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The Online Encyclopedia of Wyoming History

John Clayton

John Clayton

John Clayton is an independent nonfiction writer in Red Lodge, Montana. He is the author of Natural Rivals: John Muir, Gifford Pinchot, and the Creation of America’s Public Lands(Pegasus Books, 2019). His previous books include The Cowboy Girl: The Life of Caroline Lockhart (University of Nebraska Press, 2007), Stories from Montana’s Enduring Frontier (The History Press, 2013) and Wonderlandscape: Yellowstone National Park and the Evolution of an American Cultural Icon (Pegasus Books, August 2017).

Who gets to hunt Wyoming's elk? Tribal Hunting Rights, U.S. Law and the Bannock 'War' of 1895

In July 1895, a posse of non-Indians, mostly outfitters, attacked a peaceful band of Bannocks south of Jackson Hole. The Indians believed they were legally hunting elk their Idaho reservation, but the U.S. Supreme Court ruled that state law overrode their treaty rights, a huge blow to tribal sovereignty. In 2019, the court finally upended that ruling, in a case involving a Crow Tribe member, also hunting in Wyoming and off his reservation.

 

Conservation politics: 'Triple A' Anderson and the Yellowstone Forest Reserve

Wealthy artist, hunter and conservationist A.A. Anderson was named superintendent of the new Yellowstone Forest Reserve in 1902. His love for wildlife habitat clashed with local timber and grazing interests, however, and, after much controversy, he lost his job. Wyoming and the nation might have benefitted if he’d found a way to bridge that gap.

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Encyclopedia | In the early days of motorcars, promoters gave names to auto routes to boost tourist travel. Several named highways crossed significant portions of Wyoming, with Yellowstone Park a prime attraction. But by the mid-1920s the system had become chaotic. The government began numbering routes instead—gaining efficiency and sacrificing romance.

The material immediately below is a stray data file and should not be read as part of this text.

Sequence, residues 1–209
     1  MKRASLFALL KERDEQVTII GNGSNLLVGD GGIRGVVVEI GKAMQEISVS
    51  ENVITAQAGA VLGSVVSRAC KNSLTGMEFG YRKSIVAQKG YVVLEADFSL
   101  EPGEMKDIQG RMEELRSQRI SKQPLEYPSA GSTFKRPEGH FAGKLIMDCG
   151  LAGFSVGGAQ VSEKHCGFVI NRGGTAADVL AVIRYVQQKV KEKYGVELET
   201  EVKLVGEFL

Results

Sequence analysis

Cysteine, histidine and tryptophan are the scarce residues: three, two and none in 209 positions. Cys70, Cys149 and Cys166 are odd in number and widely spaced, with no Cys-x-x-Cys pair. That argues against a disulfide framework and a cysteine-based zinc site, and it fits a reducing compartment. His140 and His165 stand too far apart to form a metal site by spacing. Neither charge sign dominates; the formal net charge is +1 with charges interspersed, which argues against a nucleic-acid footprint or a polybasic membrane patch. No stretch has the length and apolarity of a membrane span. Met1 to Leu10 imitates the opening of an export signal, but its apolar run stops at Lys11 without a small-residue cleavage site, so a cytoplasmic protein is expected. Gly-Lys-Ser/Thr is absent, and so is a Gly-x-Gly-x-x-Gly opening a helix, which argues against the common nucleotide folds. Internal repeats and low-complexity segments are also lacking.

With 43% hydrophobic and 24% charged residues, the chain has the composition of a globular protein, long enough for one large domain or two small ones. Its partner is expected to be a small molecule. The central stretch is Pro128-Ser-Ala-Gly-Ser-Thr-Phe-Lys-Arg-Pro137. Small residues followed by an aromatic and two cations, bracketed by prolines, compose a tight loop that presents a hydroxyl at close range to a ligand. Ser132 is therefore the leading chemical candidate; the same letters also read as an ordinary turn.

Encyclopedia | In 1913, the nation’s first transcontinental highway—initially more idea than road—followed Wyoming’s southern rail corridor. After its life as a named highway ended, the route lived on as U.S. 30. Since I-80 was finished in 1970, the Lincoln Highway has become a nostalgic touchstone for a friendlier, more easygoing way to drive.
Encyclopedia | Stephen Leek’s efforts to save the starving elk of Jackson Hole came at a time when survival of the species was very much in doubt. The founding of the National Elk Refuge in 1912 was one result—a huge achievement. But feeding wildlife in herds leads to disease, we now know. And Leek himself was a decidedly complicated man.
Encyclopedia | In July 1895, a posse of non-Indians, mostly outfitters, attacked a peaceful band of Bannocks south of Jackson Hole. The Indians believed they were legally hunting elk their Idaho reservation, but the U.S. Supreme Court ruled that state law overrode their treaty rights, a huge blow to tribal sovereignty. In 2019, the court finally upended that ruling, in a case involving a Crow Tribe member, also hunting in Wyoming and off his reservation.  
Encyclopedia | The National Park Service’s Mission 66, initiated in 1956, modernized facilities, built new ones, built roads and added dozens more parks and historic sites. In Wyoming, architects designed buildings meant to enhance visitors’ experiences while protecting the wonders they came to see. The results recast Americans’ relationships with natural beauty.
Encyclopedia | In 1904, when the Old Faithful Inn opened in Yellowstone Park, it was seen as a treasure: rustic and luxurious, breathtaking yet casual. It came to be a symbol of Yellowstone, and its building style, called parkitecture, spread quickly to other national parks, dude ranches, state parks and small museums.
Encyclopedia | In 1885, long before he was known as the Father of the National Park System, naturalist John Muir first visited Yellowstone. The sojourn matured him as a writer and thinker, gradually articulating the idea that nature was worth protecting not merely for its resources—but for its holistic self.  
Encyclopedia | In 1913, Buffalo Bill joined Prince Albert I of Monaco—the first reigning monarch ever to visit the United States—on a big-game hunt east of Yellowstone National Park. Both were at points in their lives where they badly needed good publicity—and they got it.

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